SCOTT RALL COLUMN: Outsmarted by a brain the size of a peaWORTHINGTON — It was a few years back on one of the coldest days that North Dakota had ever seen since the ice age that I pulled into a gas station in Ellendale, N.D. There was a guy gassing up his truck with Eskimo mittens on and he had on an orange cap so I assumed he was pheasant hunting.
By: Scott Rall, Worthington Daily Globe
WORTHINGTON — It was a few years back on one of the coldest days that North Dakota had ever seen since the ice age that I pulled into a gas station in Ellendale, N.D. There was a guy gassing up his truck with Eskimo mittens on and he had on an orange cap so I assumed he was pheasant hunting.
I asked if he had any luck earlier that morning and he said no. He went on to say he was so frustrated he had been totally outsmarted by more than 1,000 pheasants that had a brain the size of a pea and were only six months old. All I could do was chuckle.
Pheasants hatch in June, hence the six-months-old comment and they do have a small brain, but if you are going to survive in the wild you have to get pretty smart pretty fast.
I had another one of those outsmarted-by-a-brain-the-size-of-a-pea feelings the other day. I have an area of grass on a property I manage for habitat that was mostly pigeon grass and smooth brome. This is OK nesting habitat, but it has little value to wildlife when the snow flies. This makes it poor grass for pheasants in the winter. It is about a half-acre in size.
There are an undetermined number of pocket gophers that have lived on this site for decades. It was so rough I could hardly drive my Polaris Ranger through the area without loosening my molars.
Pocket gophers do well in shorter, non-native grass species. They dig tunnels under the ground and eat the roots of grasses and other vegetation. The root structures of most cool season, non-native grasses are about 14 inches deep.
In the area of this property where native grasses have been established there are no pocket gophers. Native grass species can have root structures almost 15 feet deep. I think native grasses and their root systems are so robust the pocket gophers cannot keep up and either die out or move on.
I started my habitat restoration efforts by mowing the spot — really tough considering how many pocket gopher mounds there were. After it was mowed I let it green up and then applied Round-Up to kill all of the growing grasses. About three weeks later I did it again; and when it was all dried up I did a burn. The other native grasses that ringed the area were all green and at their growing peak so there was no way for the fire to get away.
After the fire, my big buddy Les Johnson ran over the spot with a tractor mounted roto-tiller. This broke up the sod and started getting it into a condition that could be planted. After the roto-tilling, I ran over it with a 50-year-old drag section about a dozen times and all that was left to do was pick up the rocks. I do this so that if it ever needs to be mowed in the future, the equipment doesn’t get thrashed.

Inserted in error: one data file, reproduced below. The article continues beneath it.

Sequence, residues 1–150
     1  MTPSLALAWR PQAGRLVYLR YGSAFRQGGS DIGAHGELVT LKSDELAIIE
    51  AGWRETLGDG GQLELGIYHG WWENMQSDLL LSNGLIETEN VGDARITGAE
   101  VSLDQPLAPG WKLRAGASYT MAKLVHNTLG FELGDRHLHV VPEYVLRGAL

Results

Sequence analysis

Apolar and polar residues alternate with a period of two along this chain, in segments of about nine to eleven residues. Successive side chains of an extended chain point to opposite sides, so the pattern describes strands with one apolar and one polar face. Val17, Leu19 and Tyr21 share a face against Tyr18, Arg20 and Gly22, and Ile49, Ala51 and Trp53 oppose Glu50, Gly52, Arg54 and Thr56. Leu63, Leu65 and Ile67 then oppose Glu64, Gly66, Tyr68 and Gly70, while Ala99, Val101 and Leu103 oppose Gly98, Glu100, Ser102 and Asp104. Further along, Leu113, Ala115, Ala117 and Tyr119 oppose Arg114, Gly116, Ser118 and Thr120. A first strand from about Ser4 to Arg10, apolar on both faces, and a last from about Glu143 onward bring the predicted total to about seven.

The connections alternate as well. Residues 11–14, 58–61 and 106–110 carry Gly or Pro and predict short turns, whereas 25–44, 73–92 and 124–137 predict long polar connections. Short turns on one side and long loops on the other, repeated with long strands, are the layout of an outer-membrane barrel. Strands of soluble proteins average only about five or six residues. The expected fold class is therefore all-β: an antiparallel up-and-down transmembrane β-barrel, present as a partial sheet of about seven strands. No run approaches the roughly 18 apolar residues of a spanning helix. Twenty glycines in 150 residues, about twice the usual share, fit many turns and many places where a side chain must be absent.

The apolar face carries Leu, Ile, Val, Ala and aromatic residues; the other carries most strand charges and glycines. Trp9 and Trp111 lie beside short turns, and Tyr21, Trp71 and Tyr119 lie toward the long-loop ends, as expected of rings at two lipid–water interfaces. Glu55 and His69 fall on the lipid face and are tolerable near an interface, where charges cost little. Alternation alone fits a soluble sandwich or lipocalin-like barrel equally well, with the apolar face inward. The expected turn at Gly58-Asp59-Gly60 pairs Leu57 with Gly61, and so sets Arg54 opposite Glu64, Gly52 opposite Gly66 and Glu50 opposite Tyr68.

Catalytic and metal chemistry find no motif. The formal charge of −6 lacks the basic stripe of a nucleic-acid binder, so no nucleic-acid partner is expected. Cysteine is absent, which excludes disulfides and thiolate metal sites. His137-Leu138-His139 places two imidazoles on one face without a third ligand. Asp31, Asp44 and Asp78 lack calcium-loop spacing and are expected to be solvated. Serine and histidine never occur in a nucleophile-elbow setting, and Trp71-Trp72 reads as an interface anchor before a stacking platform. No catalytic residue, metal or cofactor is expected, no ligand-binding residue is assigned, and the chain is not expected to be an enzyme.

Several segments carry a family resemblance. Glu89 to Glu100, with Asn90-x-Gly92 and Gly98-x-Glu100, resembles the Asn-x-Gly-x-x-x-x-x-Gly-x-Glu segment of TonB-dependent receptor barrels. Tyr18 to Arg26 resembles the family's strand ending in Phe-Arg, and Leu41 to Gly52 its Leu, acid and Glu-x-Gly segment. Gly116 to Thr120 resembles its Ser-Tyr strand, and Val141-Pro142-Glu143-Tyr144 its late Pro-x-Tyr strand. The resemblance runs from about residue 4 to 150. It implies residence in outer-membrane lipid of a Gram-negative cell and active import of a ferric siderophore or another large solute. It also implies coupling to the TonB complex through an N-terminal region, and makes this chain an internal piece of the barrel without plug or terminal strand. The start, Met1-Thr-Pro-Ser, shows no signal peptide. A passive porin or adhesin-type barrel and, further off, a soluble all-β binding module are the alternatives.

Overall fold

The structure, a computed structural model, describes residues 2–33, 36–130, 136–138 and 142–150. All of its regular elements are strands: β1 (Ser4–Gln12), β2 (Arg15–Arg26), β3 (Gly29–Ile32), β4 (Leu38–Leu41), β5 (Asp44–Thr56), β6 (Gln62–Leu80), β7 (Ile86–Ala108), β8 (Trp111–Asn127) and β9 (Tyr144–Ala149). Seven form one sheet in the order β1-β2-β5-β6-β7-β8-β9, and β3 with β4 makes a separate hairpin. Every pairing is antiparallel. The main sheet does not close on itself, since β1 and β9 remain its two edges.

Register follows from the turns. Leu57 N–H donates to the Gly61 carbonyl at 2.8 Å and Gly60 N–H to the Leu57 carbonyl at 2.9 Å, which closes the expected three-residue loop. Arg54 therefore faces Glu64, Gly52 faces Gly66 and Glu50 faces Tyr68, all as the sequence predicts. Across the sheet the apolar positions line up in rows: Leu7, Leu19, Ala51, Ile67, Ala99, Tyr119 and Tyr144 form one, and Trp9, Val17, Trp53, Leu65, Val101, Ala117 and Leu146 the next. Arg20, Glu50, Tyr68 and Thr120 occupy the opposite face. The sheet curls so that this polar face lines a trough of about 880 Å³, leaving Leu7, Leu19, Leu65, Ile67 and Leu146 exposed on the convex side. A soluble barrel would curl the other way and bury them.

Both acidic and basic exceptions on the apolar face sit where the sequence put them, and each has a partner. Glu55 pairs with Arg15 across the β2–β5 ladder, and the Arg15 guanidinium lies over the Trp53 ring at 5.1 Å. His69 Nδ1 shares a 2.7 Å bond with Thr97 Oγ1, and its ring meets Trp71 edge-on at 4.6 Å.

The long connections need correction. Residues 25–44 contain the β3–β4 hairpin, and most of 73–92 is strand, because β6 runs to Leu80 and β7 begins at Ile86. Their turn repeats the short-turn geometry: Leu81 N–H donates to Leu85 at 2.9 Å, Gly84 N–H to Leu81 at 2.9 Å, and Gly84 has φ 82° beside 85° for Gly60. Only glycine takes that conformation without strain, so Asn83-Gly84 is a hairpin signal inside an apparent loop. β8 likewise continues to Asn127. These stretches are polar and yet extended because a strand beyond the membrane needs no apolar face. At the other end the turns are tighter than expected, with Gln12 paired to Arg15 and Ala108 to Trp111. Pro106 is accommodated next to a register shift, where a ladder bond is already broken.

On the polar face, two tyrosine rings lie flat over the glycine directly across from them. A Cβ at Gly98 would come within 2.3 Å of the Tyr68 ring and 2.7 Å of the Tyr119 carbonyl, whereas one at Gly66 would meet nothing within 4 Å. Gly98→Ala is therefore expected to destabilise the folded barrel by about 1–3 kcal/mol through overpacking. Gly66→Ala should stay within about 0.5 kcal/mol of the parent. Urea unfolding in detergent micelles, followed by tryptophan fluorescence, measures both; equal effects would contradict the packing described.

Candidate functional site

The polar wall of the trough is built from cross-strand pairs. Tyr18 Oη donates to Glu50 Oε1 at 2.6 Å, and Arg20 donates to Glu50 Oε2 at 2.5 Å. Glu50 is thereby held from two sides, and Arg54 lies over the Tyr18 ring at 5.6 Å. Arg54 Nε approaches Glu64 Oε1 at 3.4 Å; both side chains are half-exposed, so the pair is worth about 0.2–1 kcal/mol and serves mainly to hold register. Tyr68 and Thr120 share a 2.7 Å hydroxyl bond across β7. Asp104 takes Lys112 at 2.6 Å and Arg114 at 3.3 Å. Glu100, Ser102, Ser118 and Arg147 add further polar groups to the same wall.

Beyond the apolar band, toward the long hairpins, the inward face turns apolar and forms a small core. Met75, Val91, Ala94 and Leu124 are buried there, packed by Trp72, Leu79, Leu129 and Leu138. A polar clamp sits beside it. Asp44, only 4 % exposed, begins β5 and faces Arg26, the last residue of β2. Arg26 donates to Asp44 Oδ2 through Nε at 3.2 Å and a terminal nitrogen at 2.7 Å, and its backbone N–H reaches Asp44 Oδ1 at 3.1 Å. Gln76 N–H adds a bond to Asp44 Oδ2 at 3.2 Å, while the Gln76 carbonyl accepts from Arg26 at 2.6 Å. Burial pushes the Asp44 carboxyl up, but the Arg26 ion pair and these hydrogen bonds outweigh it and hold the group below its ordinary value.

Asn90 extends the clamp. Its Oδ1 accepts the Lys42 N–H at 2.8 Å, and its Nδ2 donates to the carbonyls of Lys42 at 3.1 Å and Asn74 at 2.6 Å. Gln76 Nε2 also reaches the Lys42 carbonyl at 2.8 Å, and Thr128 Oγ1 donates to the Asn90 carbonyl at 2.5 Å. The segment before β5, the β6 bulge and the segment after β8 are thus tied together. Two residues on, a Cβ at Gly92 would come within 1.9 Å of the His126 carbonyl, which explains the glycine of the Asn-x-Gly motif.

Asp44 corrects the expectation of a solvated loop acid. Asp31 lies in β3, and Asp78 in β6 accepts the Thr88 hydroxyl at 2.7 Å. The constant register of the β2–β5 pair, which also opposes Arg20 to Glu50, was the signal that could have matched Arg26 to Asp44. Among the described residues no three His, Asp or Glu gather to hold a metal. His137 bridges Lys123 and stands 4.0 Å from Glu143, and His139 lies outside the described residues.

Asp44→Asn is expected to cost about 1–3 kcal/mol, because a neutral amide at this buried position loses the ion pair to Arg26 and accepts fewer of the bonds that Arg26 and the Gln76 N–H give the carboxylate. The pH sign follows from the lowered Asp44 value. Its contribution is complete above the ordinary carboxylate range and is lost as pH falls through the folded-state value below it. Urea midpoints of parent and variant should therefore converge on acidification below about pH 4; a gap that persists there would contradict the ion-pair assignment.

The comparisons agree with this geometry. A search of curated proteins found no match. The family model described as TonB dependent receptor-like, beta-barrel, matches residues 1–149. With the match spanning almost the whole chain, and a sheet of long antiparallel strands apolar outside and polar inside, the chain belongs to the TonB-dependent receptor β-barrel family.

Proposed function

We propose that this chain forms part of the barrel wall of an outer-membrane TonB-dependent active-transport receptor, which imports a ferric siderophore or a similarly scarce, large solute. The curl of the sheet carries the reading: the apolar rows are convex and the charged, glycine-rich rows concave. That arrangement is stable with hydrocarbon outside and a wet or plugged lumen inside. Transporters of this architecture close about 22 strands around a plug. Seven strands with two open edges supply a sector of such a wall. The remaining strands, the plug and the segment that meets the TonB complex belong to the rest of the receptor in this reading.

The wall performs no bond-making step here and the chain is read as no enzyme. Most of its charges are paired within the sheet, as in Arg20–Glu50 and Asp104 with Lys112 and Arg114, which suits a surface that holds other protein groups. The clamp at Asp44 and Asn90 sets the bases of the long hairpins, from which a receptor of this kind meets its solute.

I had a nice smooth spot and it only took a few days for the pocket gophers to start doing what pocket gophers do. A new mound here and another over there started to appear within a few days. I acquired a bucket of pocket gopher traps and did what any novice trapper would do — probe the mound with a small steel rod until you locate the hollow spot indicating where the tunnel underground is located. After you locate the tunnel you clear out the opening and set a trap down in the hole about 12 inches in.
When the gopher comes too close to the opening to keep out the predators, they are supposed to get caught in the trap. This is unless you are me. I set the trap and they would push it full of dirt and spring the trap before they could get caught. This happened over and over. I even had more experienced gopher trappers take a shot at it and their luck was the same. I had some college graduate pocket gophers in this spot.
A few little gophers with a brain the size of a pea were teaching me a lesson in humility. Each time I would distribute the dirt mound, set the trap and end up with the same non-successful result. It made me really glad my name was not Grizzley Adams, trying to live off the land.
Why we could not succeed in the normal manner is still a mystery. I had to opt for a more modern approach. There are mole and gopher pellets that you can deposit down the hole and then cover the hole with a portion of cardboard and then cover with dirt so no light gets in. This is not much different than mice or rat pellets. After having done this, there was only one new mound and a few days later that one was gone as well. I could only use this method because the pellets were underground where no dogs or other non-target animals could come in contact with it.
I planted this area a week later to winter wheat and it is not doing so well, as we haven’t seemed to have had an inch of rain the past three months.
This planting is designed to mellow the soil and reduce weed competition so that when I plant the area to a mixture of different native grasses next fall it will be better suited as wildlife habitat. The seed bed will be just right.
I will probably never be done with pocket gophers, which will no doubt be piling up dirt mounds long after I am dead and gone, but I will continue to try to hone my trapping skills so as not to be continually outsmarted by an animal with a brain the size of a pea.
Scott Rall is the Daily Globe’s outdoors columnist. His column can also be read weekly at www.dglobe.com.